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Occupational Pesticide Exposure and Semen Quality Among Chinese Workers

Padungtod, Chantana MD, DrPH; Savitz, David A. PhD; Overstreet, James W. MD, PhD; Christiani, David C. MD, MPH, MS; Ryan, Louise M. PhD; Xu, Xiping MD, PhD

Journal of Occupational and Environmental Medicine: October 2000 - Volume 42 - Issue 10 - p 982-992
Original Articles

This study investigated the association between occupational pesticide exposure and semen quality among Chinese workers. Male workers, 32 who were exposed to organophosphate pesticides and 43 who were not exposed were recruited from two nearby factories and interviewed. Following a work shift, semen and urine samples were collected for pesticide metabolite analysis. Semen samples were analyzed for sperm concentration, percentage of motility, and percentage of normal structure. Within the exposed group, the mean end-of-shift urinary p-nitrophenol levels were 0.22 and 0.15 mg/L for the high- and low-exposure subgroups, respectively. Linear regression analysis of individual semen parameters revealed a significant reduction of sperm concentration (35.9 × 106 vs 62.8 × 106, p < 0.01) and percentage of motility (47% vs 57%, p = 0.03) but not percentage of sperm with normal structure (57% vs 61%, p = 0.13). Multivariate modeling showed a significant overall shift in the mean semen parameter. Occupational exposure to ethylparathion and methamidophos seems to have a moderately adverse effect on semen quality.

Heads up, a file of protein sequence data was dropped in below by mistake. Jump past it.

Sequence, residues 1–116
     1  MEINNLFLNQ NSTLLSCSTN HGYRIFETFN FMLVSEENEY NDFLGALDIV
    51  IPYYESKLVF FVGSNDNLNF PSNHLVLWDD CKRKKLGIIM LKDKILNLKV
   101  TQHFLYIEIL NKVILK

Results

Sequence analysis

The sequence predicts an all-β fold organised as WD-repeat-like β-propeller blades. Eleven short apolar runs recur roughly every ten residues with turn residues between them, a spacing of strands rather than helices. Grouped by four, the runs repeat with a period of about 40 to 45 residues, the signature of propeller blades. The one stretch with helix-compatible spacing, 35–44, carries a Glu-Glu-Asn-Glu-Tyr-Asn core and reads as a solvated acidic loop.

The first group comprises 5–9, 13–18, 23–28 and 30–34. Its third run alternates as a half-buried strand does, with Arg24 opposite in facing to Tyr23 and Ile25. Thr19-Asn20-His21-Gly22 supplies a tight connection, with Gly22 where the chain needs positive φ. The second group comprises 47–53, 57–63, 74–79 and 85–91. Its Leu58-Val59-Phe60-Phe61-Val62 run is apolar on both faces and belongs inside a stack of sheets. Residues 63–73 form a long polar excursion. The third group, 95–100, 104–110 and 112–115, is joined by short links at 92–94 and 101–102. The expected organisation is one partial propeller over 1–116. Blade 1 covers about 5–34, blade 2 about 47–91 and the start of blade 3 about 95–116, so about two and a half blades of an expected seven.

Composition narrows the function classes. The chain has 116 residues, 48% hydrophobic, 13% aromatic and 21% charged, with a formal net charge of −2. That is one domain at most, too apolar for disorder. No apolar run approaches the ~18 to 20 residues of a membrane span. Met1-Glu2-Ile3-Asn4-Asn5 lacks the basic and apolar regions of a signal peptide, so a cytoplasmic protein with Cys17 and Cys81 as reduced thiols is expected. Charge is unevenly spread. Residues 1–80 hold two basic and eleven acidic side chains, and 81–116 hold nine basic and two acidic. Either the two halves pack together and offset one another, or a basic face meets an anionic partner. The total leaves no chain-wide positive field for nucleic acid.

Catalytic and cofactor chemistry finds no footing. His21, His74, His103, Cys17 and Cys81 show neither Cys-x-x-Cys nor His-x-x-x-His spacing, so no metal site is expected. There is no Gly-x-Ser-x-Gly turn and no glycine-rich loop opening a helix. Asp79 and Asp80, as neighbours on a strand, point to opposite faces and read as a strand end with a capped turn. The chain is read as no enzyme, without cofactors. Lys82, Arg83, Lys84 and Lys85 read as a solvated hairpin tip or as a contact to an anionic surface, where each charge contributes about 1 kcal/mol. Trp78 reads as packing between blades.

From the Occupational Health Program (Dr Padungtod, Dr Christiani, Dr Xu) and the Department of Biostatistics (Dr Ryan), Harvard School of Public Health; the Department of Epidemiology, University of North Carolina School of Public Health (Dr Savitz); the Institute of Toxicology and Environmental Health, University of California, Davis (Dr Overstreet); Massachusetts General Hospital (Dr Christiani) and Channing Laboratory, Brigham and Women’s Hospital (Dr Xu), Harvard Medical School; and the Dana Farber Cancer Institute, Division of Biostatistics, Boston (Dr Ryan).

Address correspondence to: Dr Xiping Xu, Harvard School of Public Health, Department of Environmental Health, 665 Huntington Avenue, FXB-101, Boston, MA 02115; e-mail

© 2000 Lippincott Williams & Wilkins, Inc.